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Le Producteur de Lait Québécois MagazineVolume Number October 14, 2020
Débora SantschiPh.D., Agr.

PROFILab in bulk tank milk: what we’ve learned

PROFILab dans le lait de réservoir: ce qu'on a appris
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In collaboration with Daniel Warner, Innovation and Development, Lactanet

The fatty acid profile of bulk tank milk has been available to Quebec dairy producers since February 2020. Let’s take a look at what we’ve learned so far…

High variability between herds

American studies have reported that herds with higher de novo levels have shown better performances. Quebec data are, to some extent, consistent with that finding, showing a clear relationship between de novo fatty acids and bulk tank fat or protein (Figure 1). In fact, for every tenth of a unit increase in de novo fatty acids (0.10), fat content increases by two tenths (0.20). The link with true protein is also clear: for every 0.10 increase on the de novo scale, true protein increases by 0.12 units.

Figure 1: Each 0.1% increase in de novo fatty acids corresponds to a 0.2% increase in fat
Figure 1: Each 0.1% increase in de novo fatty acids corresponds to a 0.2% increase in fat


Our data for several thousand Quebec herds show, however, that the fatty acid profiles vary widely between farms. Breed is among the factors that have the greatest impact on the fatty acid. As shown in Figure 2, the levels of the different groups of fatty acids are higher in milk from predominantly Jersey herds, especially de novo and mixed fatty acids. More specifically, the de novo fatty acid content for Jersey herds is about 1.3 g/100 g of milk, as compared to around 1.05 g/100 g of milk for Holstein herds, with the other breeds falling in between. It should be noted that the variability between herds is high for all breeds, with the differences largely attributable to ration composition, feeding behaviour and herd management.

Figure 2: Breed influences the fatty acid profiles of Quebec herds
Figure 2: Breed influences the fatty acid profiles of Quebec herds

High performance herds have average levels of de novo fatty acids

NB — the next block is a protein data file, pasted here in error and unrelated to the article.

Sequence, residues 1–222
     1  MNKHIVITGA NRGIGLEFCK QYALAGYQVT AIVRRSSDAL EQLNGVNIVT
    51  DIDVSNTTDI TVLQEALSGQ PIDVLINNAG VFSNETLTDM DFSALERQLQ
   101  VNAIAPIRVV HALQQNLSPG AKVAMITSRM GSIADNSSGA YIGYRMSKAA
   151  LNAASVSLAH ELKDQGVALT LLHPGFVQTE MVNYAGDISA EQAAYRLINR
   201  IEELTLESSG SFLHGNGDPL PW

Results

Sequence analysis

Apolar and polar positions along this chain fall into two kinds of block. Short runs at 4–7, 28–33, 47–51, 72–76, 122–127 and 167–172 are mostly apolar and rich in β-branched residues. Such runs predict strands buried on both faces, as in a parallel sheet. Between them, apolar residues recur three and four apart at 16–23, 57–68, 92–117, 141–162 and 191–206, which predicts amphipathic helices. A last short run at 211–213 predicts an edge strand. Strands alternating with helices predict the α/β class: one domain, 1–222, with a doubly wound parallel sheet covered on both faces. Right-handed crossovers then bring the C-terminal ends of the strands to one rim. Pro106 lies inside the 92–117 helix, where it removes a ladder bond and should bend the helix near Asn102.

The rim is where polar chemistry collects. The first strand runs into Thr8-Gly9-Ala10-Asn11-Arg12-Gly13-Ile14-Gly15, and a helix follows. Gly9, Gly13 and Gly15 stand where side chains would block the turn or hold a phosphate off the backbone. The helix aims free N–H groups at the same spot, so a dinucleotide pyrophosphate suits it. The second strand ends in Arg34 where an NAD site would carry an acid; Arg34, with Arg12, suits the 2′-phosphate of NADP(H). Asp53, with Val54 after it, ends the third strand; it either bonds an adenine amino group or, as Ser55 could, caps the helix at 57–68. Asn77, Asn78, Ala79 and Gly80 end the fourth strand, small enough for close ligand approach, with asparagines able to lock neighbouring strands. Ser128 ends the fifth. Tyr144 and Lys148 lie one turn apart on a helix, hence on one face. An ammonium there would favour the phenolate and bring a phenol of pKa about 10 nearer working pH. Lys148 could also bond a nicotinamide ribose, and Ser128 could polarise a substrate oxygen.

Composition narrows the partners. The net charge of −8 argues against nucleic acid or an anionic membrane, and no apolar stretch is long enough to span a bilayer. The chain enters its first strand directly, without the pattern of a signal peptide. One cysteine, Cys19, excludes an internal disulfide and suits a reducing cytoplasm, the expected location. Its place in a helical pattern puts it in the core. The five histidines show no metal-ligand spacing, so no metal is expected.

There is a common misconception that it is “normal” for high performance herds to have below-average de novo levels, due to a dilution effect related to above-average milk production. This is partly true, but the difference between high performance herds and average herds is minimal. To demonstrate this, Figure 3 shows the distribution of the fatty acid profiles of 3 300 conventional Holstein herds. The herds are categorized by annual production; the red box represents the herds in the bottom 10% for production, the orange box represents the herds that rank between the 10th and 80th percentile (26.6-37.9 kg of milk/cow/day), the green box represents the herds in the top 10% (37.9-40.7 kg of milk), and the blue box represents the top 2% of herds (over 40.7 kg of milk/cow/day). As the values below the graph indicate, the “blue” herds seem to have lower levels of de novo fatty acids in their milk, but the difference is about 0.01 g/100 g of milk on average, which is very close to the average presented in the PROFILab report.

Figure 3: High producing herds (kg/cow/day) make as many de novo fatty acids as the average herd
Figure 3: High producing herds (kg/cow/day) make as many de novo fatty acids as the average herd


If we repeat the exercise but categorize the herds according to their production in kg of fat/cow/day, the result is the same: the best herds have average de novo fatty acid contents (Figure 4). This graph shows that the variation between herds within a same production category is greater than the variation between the different categories. We are currently conducting a study of 100 Quebec herds to gain a better understanding of the factors behind this high variability, specifically those related to feeding, herd management and environment.

Figure 4: High fat producing herds (kg/cow/day) make as many de novo fatty acids as the average herd
High fat producing herds (kg/cow/day) make as many de novo fatty acids as the average herd

How to interpret the boxplot?

A boxplot illustrates the variation within a group of data, in this case a group of herds. In the example below, the blue box represents 50% of herds, that is, all the herds that are “in the middle” of the group. The vertical lines extending below and above the box indicate the herds with the highest and lowest values.

Box-and-whisker plot

More to read: 

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